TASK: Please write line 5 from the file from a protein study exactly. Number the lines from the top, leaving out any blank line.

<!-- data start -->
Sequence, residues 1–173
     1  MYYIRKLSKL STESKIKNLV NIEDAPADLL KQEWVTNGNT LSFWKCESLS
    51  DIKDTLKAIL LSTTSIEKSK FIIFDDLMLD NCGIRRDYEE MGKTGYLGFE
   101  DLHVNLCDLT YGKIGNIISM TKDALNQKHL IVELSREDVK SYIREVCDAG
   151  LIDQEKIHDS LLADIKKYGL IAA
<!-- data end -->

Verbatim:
   151  LIDQEKIHDS LLADIKKYGL IAA